"Middle-earth: Shadow of War" is a playground of intense and emergent action scenes shaped by your choices and triumphs.

"Middle-earth: Shadow of War" is a playground of intense and emergent action scenes shaped by your choices and triumphs. (Monolith Productions)

Anyone familiar with “The Lord of the Rings” knows that fighting orcs is hard work, but somebody’s got to do it or the Dark Lord wins.

“Middle-earth: Shadow of War” lets you take up a sword and bow to join the battle against Sauron. And it’s definitely hard work.

The fantasy action game developed by Monolith for Warner Bros. is the sequel to the 2014 “Shadow of Mordor.” In both games, you play as Talion, a ranger whose family was captured and killed by Sauron’s forces. They then killed Talion, but he was resurrected and bound to the elfish wraith Celebrimbor. It turns out that the elf/ghost was the one responsible for creating the infamous Ring of Power that propelled Sauron to his status as overload. So both share a burning desire to see the Dark Lord fall.

The basic concept of both games is that Celebrimbor provides you with otherworldly powers that enable you to battle orcish warriors. You can either kill them outright or use your powers to dominate their minds and turn them to your side. In this way, you build an army of orcs that will allow you to challenge Sauron.

Basic gameplay is like a combination of “Assassin’s Creed,” with its wall-climbing and roof-vaulting, and the Batman Arkham games, with their combination of stealth attacks and brutal combat.

When moving from place to place, you can use your powers to shoot up the sides of buildings, somersault through the air and even teleport to an enemy. Of course, the idea here is to put yourself in position for a sneak attack. However, if the stealthy approach fails, you have more spectacular options. You can use your martial prowess and ever-increasing magical powers to literally whittle away at enemy forces. A successful attack on a squad of enemies results in a whirling maelstrom of blades and arrows that leaves heads and arms scattered on the ground. However, you quickly learn that the evil hordes are endless and there’s always another dastardly villain set to take the place of your decapitated foe.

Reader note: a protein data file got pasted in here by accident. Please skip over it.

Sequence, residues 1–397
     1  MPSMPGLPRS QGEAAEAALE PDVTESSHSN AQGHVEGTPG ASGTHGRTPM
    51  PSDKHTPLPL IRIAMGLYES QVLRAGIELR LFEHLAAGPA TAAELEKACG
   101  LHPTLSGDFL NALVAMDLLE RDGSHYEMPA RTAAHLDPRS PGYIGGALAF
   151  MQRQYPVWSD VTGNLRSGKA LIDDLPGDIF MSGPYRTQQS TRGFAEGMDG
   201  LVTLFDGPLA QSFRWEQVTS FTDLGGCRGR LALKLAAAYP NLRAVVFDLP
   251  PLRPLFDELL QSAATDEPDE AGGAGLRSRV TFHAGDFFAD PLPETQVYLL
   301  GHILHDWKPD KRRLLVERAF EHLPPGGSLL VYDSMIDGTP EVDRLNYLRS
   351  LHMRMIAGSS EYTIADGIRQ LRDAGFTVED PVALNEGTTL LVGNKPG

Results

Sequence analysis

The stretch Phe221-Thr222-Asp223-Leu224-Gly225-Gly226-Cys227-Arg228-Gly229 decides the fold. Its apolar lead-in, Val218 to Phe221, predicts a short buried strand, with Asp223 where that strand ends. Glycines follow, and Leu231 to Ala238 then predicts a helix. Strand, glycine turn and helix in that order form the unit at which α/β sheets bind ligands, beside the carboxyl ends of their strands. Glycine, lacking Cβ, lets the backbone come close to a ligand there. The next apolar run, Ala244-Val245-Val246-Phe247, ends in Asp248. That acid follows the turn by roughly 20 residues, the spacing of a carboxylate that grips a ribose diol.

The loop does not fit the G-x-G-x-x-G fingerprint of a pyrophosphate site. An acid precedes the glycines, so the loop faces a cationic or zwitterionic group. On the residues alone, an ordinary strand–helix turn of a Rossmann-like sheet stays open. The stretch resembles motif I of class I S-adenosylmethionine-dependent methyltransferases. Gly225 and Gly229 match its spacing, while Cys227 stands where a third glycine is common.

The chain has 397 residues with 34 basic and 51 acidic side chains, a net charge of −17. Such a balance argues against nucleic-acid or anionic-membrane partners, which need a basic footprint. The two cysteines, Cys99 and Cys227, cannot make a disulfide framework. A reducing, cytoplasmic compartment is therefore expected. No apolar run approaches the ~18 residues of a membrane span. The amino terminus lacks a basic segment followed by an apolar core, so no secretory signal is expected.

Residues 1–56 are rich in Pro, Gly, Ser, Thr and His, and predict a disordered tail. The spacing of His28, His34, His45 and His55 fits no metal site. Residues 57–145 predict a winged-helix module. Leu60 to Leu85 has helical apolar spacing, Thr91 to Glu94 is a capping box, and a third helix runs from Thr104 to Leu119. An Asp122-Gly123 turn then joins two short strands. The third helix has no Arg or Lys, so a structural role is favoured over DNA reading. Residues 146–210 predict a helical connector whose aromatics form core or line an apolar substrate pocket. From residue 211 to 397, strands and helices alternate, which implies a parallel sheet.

And scattered among the rabble are their leaders — powerful, hideous braggarts who revel in describing their gruesome plans for you. Their introductions can be highly entertaining and are surprisingly diverse. There seem to be dozens of different videos of orcs heaping scorn on you and your efforts. In fact, the orcs end up being far more interesting than the good guys by the time the game hits its stride.

When leaders enter the fray, the difficulty escalates several notches — especially at the beginning of the game, when you feel relatively underpowered. When you manage to defeat a leader, he’s unlikely to stay “dead” for long. Leaders can be patched up and sent back to the fight, stronger and nastier.

If you happen to fall under an orc’s blade, elfish magic is there to resurrect you — again — with little impact on your well-being. However, the impact on the orcish victor can be dramatic. He’s promoted and receives new powers — propelling him toward the status of “nemesis.”

Battles against powerful leaders can be very difficult because these orcs are very robust, hit very hard and can be resistant to certain forms of attack. And at times, they pull unexpected tricks that feel like cheap shots. As a result, many boss battles can be very frustrating at the beginning. However, you eventually gain enough magical abilities to even the playing field.